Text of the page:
“My grandfather was a perfectionist with a super-fine musical ear. It’s what made him a great editor, he knew the pieces by heart.” This is how Johnnes Dyring remembers his grandfather Heinz Moehn.
Moehn is known the world over for his work as an editor of great musical works. Moehn specialized in editing works by many world famous composers; his editions of pieces like Mozart’s Requiem in d minor have become the gold standard for today’s performers. Moehn’s work as a composer, however, isn’t as well known.
Dyring always knew his grandfather was a passionate musician. The pair would often sit down at the end of a workday and listen to a symphony. Occasionally, Moehn would play his own compositions for his young grandson on the piano but stopped short of sharing them with the rest of his family.
“He (Moehn) was very critical of his own work,” says Dyring. “Composers become so self-critical that they can’t appreciate their own work. He would not talk about it. Even my father had no idea he wrote such great music.”
“Composers become so self-critical that they can’t appreciate their own work. He would not talk about it. Even my father had no idea he wrote such great music.”
It wasn’t until after Moehn’s death in 1992 that his body of work was gathered up by his family and given to Dyring for safe keeping. For 30 years, his grandson held on to these scores occasionally approaching orchestras in Europe to have them produced; the answer always – no.
That was until Dyring moved from Sweden to Saskatoon in 2015 to take a new job at the University of Saskatchewan as the Innovation Enterprise managing director.
“When I moved to Saskatoon, I brought the music with me,” says Dyring. “I was meeting with Dean McNeil in the music department and mentioned that I came from a very artistic family. Then I told him about my grandfather’s compositions.”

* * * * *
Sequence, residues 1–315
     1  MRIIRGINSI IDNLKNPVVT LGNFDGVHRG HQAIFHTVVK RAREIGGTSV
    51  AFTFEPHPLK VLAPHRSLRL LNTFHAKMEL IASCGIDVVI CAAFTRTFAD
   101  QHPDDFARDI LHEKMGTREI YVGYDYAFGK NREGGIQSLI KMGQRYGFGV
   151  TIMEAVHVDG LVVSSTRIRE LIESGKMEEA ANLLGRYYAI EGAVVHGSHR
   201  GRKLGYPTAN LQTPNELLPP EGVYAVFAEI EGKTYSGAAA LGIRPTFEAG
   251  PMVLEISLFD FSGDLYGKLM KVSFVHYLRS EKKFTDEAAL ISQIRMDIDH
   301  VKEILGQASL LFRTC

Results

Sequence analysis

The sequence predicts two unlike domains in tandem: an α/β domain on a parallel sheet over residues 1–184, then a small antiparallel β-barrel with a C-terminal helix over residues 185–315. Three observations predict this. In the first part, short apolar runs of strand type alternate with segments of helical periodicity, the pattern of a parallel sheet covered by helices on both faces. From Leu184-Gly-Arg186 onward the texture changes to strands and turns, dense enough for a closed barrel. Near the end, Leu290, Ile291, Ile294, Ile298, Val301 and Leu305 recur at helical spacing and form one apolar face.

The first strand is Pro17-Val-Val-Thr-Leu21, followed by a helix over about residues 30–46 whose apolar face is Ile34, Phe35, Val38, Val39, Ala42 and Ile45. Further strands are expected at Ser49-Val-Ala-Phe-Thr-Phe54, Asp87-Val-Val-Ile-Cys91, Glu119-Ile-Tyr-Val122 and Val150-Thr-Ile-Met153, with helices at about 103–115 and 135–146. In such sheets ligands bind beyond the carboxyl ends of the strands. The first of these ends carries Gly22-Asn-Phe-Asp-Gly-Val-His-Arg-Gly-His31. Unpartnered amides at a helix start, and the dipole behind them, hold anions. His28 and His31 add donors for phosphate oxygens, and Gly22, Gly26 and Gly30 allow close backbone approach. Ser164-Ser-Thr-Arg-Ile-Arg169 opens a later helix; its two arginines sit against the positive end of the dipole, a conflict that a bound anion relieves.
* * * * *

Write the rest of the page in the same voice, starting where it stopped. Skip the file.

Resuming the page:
McNeil quickly introduced Dyring to the executive director of the Saskatoon Symphony Orchestra Mark Turner and SSO conductor Eric Paetkau. Both men knew the name Moehn and had his editions in their music libraries. They were eager to see his original 1938 Violin Concerto and have others hear it.
“It’s not every day that a long-lost violin concerto is discovered in Canada, let alone here in Saskatoon,” says Turner. “It’s so special and rare that orchestra and audience get to experience work with such an intriguing background for the first time in 80 years. It’s like the discovery of buried treasure, and we all get to open it together.”
“It’s like the discovery of buried treasure, and we all get to open it together.”
For Dyring, the upcoming show is a fulfillment of a life-long dream.
“I’m so happy to have achieved this goal and I’m so proud to have my parents join us for the concert to hear my grandfather’s music for the first time,” says Dyring. “My father never imagined this would happen. There’s a lot of joy and also a peaceful and quiet reflection that this circle is finally closed.”
There are many facets to this show. Along with the performance of Moehn’s Violin Concerto featuring guest artist Timothy Chooi, Wake the Grain by Paul Suchan will also be performed. Suchan is the Saskatoon-based composer who took Moehn’s hand-written score and developed parts for the SSO to perform.
The second half of the program will feature a performance of Mozart’s Requiem in d minor, the edition that Moehn edited and is now played all over the world. The SSO will be joined by Saskatchewan born vocalists Andrea Lett and Jardena Gertler-Jaffe as well as Michael Harris, Daniel Thielmann, The University of Saskatchewan Greystone Singers and the Saskatoon Symphony Chorus.
This show and the history behind it also present an amazing research opportunity. USask musicology assistant professor Amanda Lalonde is working with SSO conductor Eric Paetkau to study Moehn’s work. The project, which has just received a $25,000 grant from the Social Sciences and Humanities Research Council will look at Moehn’s body of work and his place in 20th century German music. They hope it will add understanding to the impact of German . cultural policy on music before and during the Second World War.
For Dyring, the entire experience has taught him about the pioneering spirit here in Canada.
“This is not just a story about me and my family, this is also a story about Saskatoon that it’s possible this music can be played here.” Dyring explains, “They are taking a risk, doing something first with an unknown piece of music. It takes courage to do that. For me, this has been an amazing journey.”
*In advance of Saturday’s show, a special Music Talk event is being held to discuss Moehn’s work, its history and impact. The public is invited to join Mark Turner, Eric Paetkau, Amanda Lalonde and Johannes Dyring at McNally-Robinson Bookstore on March 19th at 7 p.m.